Check out the Crooked Timber blog on Political Science Mentioned in the Episode!
Academia.edu is a site that Alex refers to as “basically a tumblr for academics”. It allows for users to post their articles, papers, book chapters, posters, etc. to their page for others to read for free. However, the free access might not last for much longer. Academia.edu has begun to look for ways to monetize their operation by making users pay money for access to new features on the site. It seems Academia.edu is taking away the reason many users joined the site in the first place.
Another problem with Academia.edu has to do with ownership of the articles and papers being published. At times, authors have already sold the rights of publishing their work to publishing companies, like Elsevier, and do not hold the rights to be displaying their work on Academia.edu. Elsevier took down a bunch of PDFs of articles from Academia.edu because they held the rights and the authors did not.
To Learn More About the Controversy Behind Academia.edu Check Out the Links Below!
On teaching about writing and critique, in relation to denunciation, Zoe offered this tip from her colleague Lacy M. Johnson, an Assistant Professor of English at Rice University: “A poem is like a very small machine made of words and your job, when you are doing critique, is to help it figure out how to do its job. So if it [the machine] is a toaster, then don’t turn it into a washing machine.”
During the episode, Zoe points out a concern on the consumption of book chapters and papers out of context. While open access to a wide array of scholarship on sites like Academia.edu is great, she worries that the particular arguments of any given piece might be taken out of context by the readers interests. She states,
“We want to keep knowledge embedded in the context of its production, so we can critically approach it.”
What do you think?
Anthropology and Building Critical Thinkers!
Anthropology is a critical discipline that constantly analyzes the structures behind cultural norms and places local events in a broader geopolitical and historical contexts. As Zoe described critiquing,
“It is not about judging something or assessing something as good or bad. It’s about bringing into relief the structures through which something is evaluated in the first place”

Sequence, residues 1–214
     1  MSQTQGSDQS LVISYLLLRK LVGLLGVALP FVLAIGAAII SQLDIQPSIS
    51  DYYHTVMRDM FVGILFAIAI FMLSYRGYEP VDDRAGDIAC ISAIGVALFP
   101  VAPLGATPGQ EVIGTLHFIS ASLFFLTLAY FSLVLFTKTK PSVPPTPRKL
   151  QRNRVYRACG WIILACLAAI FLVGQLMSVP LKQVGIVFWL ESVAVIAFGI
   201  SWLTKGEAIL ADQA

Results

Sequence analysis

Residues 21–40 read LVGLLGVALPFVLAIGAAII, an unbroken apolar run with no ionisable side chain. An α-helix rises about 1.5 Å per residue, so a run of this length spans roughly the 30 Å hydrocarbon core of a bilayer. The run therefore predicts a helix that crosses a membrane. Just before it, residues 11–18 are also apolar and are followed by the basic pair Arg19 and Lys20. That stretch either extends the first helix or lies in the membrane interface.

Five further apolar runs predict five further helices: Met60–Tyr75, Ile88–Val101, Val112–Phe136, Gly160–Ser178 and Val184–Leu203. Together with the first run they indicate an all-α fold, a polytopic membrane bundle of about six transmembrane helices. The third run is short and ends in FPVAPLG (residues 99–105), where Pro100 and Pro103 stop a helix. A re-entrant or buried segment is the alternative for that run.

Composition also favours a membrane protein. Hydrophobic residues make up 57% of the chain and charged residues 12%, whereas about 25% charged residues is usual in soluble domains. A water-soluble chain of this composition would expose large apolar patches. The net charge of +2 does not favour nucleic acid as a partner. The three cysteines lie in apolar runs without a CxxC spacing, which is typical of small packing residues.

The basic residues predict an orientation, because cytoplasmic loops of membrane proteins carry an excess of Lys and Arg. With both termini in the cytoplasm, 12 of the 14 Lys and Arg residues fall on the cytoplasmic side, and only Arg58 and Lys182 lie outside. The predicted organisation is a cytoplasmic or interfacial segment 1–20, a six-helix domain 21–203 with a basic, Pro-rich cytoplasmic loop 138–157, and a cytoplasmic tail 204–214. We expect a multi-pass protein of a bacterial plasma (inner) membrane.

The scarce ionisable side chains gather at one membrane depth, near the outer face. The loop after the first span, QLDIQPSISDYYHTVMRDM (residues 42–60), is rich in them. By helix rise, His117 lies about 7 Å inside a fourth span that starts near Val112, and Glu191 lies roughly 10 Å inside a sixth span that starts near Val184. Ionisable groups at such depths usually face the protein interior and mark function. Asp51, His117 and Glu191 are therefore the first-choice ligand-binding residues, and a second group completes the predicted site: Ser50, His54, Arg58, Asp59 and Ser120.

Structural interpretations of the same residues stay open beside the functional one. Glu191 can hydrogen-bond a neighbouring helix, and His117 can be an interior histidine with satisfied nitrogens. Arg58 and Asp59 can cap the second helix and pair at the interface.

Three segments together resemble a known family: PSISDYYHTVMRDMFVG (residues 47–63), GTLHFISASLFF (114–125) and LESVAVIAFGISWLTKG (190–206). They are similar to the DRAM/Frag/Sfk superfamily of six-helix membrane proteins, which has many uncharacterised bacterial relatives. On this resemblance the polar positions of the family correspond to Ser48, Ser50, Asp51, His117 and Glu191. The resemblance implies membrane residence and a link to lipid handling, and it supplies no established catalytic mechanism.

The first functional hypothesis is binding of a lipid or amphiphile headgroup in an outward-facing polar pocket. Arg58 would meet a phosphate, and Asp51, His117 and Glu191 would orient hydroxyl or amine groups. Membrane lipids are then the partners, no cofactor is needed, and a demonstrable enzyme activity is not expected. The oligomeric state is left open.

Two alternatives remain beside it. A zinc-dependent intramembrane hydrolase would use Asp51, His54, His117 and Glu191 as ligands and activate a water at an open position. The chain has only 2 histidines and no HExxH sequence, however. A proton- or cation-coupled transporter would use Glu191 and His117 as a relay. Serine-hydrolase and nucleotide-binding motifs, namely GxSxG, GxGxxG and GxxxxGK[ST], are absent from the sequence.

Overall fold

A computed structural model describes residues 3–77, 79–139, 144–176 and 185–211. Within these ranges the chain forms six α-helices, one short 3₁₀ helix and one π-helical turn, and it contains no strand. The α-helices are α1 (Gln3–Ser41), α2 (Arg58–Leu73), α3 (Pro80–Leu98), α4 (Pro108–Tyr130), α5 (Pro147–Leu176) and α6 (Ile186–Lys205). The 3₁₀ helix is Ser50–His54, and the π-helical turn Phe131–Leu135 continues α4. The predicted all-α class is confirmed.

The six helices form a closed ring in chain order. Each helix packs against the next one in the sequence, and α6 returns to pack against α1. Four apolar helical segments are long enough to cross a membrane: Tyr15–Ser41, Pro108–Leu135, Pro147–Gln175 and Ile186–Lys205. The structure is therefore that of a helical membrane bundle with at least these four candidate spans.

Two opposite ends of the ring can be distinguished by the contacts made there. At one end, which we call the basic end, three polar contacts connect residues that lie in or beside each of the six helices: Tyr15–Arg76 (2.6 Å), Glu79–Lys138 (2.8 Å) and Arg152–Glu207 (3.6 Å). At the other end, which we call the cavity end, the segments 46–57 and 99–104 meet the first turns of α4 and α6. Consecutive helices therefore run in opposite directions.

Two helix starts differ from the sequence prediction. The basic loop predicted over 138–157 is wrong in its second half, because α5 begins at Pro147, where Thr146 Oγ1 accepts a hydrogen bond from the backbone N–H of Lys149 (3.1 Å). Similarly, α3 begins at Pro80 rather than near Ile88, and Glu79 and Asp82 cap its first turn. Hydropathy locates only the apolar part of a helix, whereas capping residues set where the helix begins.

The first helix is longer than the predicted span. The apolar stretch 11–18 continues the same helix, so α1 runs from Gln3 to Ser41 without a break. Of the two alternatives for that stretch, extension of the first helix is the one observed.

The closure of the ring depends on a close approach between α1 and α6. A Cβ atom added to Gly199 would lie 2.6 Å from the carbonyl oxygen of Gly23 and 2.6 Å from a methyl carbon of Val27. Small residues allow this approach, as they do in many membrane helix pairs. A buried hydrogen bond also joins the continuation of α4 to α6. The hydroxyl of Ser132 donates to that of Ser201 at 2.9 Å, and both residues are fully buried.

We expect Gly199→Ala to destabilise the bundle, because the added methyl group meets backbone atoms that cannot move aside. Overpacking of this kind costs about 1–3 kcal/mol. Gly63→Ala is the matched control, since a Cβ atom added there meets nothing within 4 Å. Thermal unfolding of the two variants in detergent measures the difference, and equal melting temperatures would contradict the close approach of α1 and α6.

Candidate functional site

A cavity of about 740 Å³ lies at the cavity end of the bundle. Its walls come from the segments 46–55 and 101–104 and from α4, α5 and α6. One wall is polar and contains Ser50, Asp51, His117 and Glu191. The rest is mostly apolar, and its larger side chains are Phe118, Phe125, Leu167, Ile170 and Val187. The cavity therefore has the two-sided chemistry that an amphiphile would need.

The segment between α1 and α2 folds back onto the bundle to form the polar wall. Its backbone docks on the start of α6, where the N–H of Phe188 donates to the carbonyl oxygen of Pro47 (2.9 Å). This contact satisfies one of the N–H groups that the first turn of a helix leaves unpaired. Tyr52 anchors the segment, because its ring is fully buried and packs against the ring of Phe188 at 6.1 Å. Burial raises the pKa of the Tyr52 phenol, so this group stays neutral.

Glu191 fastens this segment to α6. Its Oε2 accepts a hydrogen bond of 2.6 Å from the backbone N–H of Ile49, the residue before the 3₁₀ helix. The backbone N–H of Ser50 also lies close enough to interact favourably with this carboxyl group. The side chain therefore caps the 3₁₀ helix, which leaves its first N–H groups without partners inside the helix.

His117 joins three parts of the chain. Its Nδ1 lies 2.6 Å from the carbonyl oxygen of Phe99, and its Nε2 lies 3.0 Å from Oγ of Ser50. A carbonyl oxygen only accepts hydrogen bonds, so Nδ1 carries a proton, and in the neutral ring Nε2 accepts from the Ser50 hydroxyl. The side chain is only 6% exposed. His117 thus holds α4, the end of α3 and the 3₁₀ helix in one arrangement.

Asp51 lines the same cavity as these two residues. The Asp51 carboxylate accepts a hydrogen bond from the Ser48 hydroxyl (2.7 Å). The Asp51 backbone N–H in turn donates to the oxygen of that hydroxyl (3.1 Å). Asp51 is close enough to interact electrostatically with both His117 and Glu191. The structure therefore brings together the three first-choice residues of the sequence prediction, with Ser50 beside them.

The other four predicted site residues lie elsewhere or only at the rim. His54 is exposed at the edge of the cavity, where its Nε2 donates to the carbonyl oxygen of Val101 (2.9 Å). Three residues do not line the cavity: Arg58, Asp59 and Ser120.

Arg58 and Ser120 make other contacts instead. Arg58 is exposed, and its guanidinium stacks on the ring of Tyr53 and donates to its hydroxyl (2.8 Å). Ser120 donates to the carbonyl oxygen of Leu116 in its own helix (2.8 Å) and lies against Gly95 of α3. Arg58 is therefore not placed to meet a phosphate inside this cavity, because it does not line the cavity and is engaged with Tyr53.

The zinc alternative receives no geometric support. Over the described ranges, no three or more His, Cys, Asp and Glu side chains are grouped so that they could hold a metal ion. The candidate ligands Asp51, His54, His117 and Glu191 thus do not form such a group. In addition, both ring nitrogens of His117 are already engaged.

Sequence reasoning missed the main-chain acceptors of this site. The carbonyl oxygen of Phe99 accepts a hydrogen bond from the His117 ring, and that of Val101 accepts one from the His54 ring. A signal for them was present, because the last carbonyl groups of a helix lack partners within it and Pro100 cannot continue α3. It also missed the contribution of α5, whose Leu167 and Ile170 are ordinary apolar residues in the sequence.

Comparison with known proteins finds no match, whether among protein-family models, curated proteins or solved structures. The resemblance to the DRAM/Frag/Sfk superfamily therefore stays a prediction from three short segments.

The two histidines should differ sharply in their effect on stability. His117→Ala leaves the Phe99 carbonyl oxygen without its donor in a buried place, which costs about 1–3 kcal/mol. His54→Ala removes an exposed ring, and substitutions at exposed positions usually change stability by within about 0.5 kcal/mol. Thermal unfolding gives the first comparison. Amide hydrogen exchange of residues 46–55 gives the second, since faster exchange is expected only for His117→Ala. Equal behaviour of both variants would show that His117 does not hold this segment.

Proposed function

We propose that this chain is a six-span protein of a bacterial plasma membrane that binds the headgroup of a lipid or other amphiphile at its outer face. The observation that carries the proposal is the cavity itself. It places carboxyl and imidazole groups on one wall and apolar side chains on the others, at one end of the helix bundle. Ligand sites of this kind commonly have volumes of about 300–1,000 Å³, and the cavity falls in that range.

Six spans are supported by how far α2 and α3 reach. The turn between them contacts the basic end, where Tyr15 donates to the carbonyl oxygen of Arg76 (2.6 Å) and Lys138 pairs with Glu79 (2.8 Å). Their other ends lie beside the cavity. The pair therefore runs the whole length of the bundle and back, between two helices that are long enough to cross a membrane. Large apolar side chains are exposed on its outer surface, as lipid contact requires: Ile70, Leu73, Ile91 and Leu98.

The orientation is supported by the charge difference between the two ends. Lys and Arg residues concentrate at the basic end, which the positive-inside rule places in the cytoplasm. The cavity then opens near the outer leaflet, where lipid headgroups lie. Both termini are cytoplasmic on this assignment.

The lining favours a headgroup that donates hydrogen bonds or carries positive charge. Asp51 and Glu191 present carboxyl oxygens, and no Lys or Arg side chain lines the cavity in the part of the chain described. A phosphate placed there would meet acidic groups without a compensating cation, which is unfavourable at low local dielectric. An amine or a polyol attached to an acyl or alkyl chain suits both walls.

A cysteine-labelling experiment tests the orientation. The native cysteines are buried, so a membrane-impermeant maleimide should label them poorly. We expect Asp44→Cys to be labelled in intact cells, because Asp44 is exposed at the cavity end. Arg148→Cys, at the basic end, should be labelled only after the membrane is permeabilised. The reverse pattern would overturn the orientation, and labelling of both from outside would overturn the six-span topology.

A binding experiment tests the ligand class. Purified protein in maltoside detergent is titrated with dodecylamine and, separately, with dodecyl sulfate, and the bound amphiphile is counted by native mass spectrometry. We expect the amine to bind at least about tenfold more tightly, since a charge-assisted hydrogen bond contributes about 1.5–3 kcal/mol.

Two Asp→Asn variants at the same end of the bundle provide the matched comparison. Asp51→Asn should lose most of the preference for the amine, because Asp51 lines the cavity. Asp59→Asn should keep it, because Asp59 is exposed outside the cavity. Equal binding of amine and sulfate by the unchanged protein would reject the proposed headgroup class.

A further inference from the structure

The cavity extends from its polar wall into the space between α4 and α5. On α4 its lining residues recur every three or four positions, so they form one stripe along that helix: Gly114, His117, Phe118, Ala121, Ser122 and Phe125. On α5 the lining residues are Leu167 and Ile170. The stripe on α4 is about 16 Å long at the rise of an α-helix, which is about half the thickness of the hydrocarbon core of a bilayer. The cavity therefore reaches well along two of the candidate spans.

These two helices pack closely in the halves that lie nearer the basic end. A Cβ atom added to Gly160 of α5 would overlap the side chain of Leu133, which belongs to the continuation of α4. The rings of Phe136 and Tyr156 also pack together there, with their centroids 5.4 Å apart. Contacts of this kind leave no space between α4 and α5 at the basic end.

Meanwhile, denouncing takes a more condemnatory approach focusing only on whether something is good or bad, wrong or right. Through critiquing there is a lot more opportunity for change as the conversation is not immediately being shut down by saying something is wrong. Since anthropology is so focused on critique over judgement, it is useful in working to understand people who think differently from you. This strategy of having a conversation rather than being accusatory will make the people whose minds you are trying to change more receptive to your opinions than if you just say they are wrong.
Life Tip from Alex Channeling Ruth Benedict: Add the words “in my culture” to the end of every sentence you say (i.e. this movie is great in my culture, we wear socks in my culture, etc.). Try to get used to understanding that your view is one of many.
There is more than one way to see the world and in all likelihood the person whose mind you are trying to change wholly believes in his/her view. By helping to reveal the structures behind their thinking, who else exists in the world, and the validity of multiple perspectives you may have more luck with adding to their perspective, letting them change their mind in a more meaningful ways. As Alex says “it takes work to know the world”, and not everyone does that work or is able to fit it into their schedule (i.e. reading the New Yorker after work instead of sleeping). By fostering others to think critically you can make them question why they do not know certain things and introduce them to the work they need to do to “know the world” from a new perspective.
To Learn More About Judith Butler Check Out the Links Below!